Women have historically been excluded from public life, rarely participating in politics or business, and are required to wear black abayas and veils.
An estimated 14 percent of Yemeni girls are forced to marry before age 15, some as young as 8, according to figures from the United Nations and the Yemeni government. That has helped trigger a chain reaction of woes, including one of the Middle East’s highest rates of maternal mortality.
Female activists say Saleh’s government enacted some laws to advance women’s rights and handed a few minor political positions to women in an attempt to appease the international community. But the laws, they add, have rarely been enforced, and the tribal traditions that suppressed women were never challenged, but rather embraced by the government.
“We’re talking about a mentality that flourished for 33 years under Saleh that has started to change only in the past 11 months,” Abdaly said.
As the deaths of Muthana’s comrades have mounted, so have her anger and frustration. She recently had to flee for her life when government snipers opened fire on a protest. Three women were killed, she said.
Two days earlier, a female activist was fatally shot by a sniper, activists said. Rocks were placed at the spot where she died, as a memorial to her sacrifice.
A few feet away, inside an orange tent, Muthana spoke bitterly of how Saudi Arabia’s monarchy sought to prevent sanctions on Saleh or the freezing of his assets. They wanted him to remain a force inside Yemen, she said. If democracy flourished in Yemen, Muthana said, the Saudis fear it would spread across the border.
She dismissed U.S. concerns about al-Qaeda and said Saleh had exaggerated the threat of terrorism to scare the world into giving Yemen more funding, playing on those fears to ensure that he set the terms of his exit. “For this reason, as long as he and his regime remain, he’ll never get rid of al-Qaeda,” Muthana said.
She also expressed disappointment that the Arab League called for sanctions against Syria but had kept silent about Yemen. “Our revolution has been intentionally forgotten,” she said. “Is the blood of a Yemeni different than that of a Syrian?”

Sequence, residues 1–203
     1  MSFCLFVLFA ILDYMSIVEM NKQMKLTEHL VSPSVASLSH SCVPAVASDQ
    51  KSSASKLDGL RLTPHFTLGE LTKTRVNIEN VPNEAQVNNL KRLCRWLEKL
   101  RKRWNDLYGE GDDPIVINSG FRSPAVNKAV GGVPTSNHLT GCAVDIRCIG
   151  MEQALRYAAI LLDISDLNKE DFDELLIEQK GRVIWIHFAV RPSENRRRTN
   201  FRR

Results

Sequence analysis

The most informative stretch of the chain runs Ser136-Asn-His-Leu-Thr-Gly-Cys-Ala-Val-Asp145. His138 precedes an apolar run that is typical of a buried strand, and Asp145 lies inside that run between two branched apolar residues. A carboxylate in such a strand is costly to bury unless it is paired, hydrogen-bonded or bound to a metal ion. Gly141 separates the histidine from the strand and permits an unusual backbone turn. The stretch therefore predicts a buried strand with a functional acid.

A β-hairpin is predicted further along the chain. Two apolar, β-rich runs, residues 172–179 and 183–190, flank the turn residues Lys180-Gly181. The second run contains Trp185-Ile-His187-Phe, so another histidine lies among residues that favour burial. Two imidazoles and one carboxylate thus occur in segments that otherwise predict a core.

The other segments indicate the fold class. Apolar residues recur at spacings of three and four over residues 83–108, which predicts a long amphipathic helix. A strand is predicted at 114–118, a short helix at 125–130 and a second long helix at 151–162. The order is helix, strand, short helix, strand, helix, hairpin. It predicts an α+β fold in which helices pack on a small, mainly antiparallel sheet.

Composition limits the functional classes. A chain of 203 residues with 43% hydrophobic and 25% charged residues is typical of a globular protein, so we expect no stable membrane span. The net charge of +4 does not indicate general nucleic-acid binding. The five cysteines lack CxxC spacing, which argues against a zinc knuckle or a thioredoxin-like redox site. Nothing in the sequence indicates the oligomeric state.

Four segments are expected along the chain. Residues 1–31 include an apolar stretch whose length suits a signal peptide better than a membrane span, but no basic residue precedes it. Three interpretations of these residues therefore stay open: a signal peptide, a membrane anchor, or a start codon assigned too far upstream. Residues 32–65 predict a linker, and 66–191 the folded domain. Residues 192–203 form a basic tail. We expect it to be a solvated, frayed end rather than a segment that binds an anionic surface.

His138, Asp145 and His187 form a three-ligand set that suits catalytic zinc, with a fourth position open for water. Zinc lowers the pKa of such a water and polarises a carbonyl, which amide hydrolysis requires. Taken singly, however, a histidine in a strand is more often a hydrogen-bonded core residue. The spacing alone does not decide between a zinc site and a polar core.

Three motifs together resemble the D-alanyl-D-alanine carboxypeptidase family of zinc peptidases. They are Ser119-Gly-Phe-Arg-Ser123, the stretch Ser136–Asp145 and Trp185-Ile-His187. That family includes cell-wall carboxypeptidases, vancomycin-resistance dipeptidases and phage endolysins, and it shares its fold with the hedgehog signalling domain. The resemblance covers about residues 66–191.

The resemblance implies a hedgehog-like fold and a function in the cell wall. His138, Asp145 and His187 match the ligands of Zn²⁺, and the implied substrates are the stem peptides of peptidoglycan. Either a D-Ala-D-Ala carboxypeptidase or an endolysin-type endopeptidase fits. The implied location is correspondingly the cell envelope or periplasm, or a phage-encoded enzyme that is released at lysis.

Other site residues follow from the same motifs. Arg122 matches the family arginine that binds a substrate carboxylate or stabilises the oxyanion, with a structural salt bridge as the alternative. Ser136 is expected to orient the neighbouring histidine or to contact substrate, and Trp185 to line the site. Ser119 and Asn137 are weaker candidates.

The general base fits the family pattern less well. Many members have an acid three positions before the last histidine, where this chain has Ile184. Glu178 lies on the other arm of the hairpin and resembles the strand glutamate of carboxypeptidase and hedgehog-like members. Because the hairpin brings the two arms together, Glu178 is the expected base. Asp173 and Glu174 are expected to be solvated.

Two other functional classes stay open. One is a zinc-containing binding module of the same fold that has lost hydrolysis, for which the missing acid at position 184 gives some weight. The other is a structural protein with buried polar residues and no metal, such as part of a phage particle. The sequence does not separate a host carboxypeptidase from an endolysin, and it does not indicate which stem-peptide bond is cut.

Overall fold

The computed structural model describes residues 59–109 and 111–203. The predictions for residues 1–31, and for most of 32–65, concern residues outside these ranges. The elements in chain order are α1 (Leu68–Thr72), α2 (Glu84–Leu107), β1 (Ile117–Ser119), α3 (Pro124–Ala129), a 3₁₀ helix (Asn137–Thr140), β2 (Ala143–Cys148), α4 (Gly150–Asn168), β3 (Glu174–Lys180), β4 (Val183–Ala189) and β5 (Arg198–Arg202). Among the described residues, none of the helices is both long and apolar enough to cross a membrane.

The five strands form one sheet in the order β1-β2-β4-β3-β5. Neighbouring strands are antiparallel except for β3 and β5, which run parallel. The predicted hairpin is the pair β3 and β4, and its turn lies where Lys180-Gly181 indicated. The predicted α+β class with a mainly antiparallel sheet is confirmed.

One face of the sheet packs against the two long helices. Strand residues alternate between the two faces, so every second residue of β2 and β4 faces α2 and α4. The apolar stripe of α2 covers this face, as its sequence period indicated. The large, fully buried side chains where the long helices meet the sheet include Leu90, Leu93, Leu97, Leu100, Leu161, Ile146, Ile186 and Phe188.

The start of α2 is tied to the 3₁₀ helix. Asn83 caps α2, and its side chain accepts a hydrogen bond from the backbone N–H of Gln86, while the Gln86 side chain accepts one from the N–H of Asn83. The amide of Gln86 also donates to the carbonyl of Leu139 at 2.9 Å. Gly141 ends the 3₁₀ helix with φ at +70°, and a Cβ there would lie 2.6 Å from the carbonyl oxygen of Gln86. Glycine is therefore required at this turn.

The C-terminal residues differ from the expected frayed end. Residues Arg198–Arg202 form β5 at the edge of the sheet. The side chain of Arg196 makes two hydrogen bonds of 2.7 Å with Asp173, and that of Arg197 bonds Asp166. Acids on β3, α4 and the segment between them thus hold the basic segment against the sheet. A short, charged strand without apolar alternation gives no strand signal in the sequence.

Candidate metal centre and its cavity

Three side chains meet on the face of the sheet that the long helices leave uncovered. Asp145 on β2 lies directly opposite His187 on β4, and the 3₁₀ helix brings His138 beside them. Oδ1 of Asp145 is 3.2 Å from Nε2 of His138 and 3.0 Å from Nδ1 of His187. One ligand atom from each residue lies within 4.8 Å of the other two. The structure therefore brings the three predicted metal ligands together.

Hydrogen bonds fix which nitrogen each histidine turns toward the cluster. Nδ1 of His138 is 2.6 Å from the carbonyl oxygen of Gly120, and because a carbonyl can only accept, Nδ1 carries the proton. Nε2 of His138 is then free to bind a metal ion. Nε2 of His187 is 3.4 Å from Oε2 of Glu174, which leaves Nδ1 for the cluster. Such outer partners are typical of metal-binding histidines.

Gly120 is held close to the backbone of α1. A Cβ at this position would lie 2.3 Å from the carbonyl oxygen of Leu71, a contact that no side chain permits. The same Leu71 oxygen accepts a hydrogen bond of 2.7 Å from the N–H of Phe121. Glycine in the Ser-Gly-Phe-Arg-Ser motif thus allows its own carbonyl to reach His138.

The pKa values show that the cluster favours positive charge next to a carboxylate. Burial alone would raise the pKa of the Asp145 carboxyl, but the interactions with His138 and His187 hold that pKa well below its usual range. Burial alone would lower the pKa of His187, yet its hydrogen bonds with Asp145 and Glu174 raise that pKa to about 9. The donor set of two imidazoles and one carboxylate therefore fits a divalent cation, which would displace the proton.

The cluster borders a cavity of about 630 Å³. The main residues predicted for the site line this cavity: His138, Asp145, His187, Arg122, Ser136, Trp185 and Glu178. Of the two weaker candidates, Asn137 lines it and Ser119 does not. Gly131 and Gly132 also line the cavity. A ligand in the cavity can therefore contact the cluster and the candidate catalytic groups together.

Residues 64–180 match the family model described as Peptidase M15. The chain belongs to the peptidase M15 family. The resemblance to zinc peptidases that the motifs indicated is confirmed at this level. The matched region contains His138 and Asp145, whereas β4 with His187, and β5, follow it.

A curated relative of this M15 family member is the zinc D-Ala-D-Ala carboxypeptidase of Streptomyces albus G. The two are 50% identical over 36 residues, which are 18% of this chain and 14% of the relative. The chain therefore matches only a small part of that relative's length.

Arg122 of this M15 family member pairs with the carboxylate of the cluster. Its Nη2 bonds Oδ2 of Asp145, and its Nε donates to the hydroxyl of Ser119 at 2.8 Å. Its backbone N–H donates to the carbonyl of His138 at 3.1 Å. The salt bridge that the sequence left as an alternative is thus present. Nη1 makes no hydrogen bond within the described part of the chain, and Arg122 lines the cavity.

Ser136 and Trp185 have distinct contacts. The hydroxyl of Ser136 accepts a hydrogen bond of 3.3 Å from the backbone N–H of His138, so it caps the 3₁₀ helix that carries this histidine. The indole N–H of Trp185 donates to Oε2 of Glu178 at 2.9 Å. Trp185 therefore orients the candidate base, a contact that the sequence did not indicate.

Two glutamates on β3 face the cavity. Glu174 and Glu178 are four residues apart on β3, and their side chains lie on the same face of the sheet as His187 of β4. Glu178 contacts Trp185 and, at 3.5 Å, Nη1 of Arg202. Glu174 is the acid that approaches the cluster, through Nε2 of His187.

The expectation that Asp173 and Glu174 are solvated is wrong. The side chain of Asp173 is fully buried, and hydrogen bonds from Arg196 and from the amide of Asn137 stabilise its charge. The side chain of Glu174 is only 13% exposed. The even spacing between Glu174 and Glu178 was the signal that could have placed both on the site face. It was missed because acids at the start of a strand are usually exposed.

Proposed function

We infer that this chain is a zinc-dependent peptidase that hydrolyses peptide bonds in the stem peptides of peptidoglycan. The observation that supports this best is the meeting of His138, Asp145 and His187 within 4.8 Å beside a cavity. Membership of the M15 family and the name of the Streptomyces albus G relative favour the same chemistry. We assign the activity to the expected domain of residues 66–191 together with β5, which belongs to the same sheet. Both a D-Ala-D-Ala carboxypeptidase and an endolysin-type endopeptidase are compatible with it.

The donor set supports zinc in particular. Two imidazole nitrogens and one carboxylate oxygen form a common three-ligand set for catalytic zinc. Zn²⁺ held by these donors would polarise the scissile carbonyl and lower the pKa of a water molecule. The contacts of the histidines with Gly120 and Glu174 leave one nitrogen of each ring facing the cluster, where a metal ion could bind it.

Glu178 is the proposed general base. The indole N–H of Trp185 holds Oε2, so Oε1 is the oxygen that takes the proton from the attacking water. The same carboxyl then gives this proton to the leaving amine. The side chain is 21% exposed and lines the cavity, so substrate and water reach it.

Some Yemeni women are worried about Islamists gaining influence in their country, like they have in recent elections in Tunisia and Egypt. Islamists make up the most powerful bloc in Yemen’s opposition, though many are moderate. But there are also ultraconservatives who wield influence.
“The Salafists want to put women inside a prison,” said Nuria al-Jurmuzi, 40, a pro-government activist, referring to followers of a puritanical brand of Islam.
Afnan Yaseen al-Aghbari, 23, a Salafist university student, said she feels threatened by the revolution and the values it has brought, such as the mixing of women and men. She wants an even more conservative brand of Islam to govern Yemen. “Islam is not being practiced the right way today,” she said.
‘Back to square one’
On a recent day, about 200 women and an equal number of men marched through the streets of Taiz. Some carried pictures of female activists killed recently. Others clutched placards that denounced the power-transfer agreement and urged a boycott of U.S. and Saudi-made goods.
Through chants and speeches, women took turns condemning Yemen’s traditional opposition for agreeing to give Saleh immunity from prosecution and accusing them of betraying the revolution to gain power. With every chant, the men cheered along.
Only a handful of women were represented on a national council the opposition formed to function as a government-in-waiting. Of the 35 ministers in the transitional unity government, only three are women. None head prominent ministries.
Adding to the women’s worries was a sense among some that the momentum of their revolution was fading. Although some marches, including the one Sunday, continue to draw large numbers, the size of many protests has dwindled in recent weeks, in part because the political opposition has pulled out its legions of supporters from the streets.
“Where is our revolution now?” said Dalal al-Badani, 24, who wore a pink head scarf and a nose ring. “We were about to reach the end. But now that the opposition and the ruling party have divided the power, we’re back to square one.”
But other activists insist they have achieved a revolution of awareness. The populist forces unleashed this year, they say, have brought out a long-suppressed quest for equal rights and would be hard to lock up again.
“In Yemen, the revolution will continue for years, even if the regime falls,” Abdaly said. She paused, as if to remember the numerous miseries that faced her country, then added:
“We will need many revolutions in Yemen.”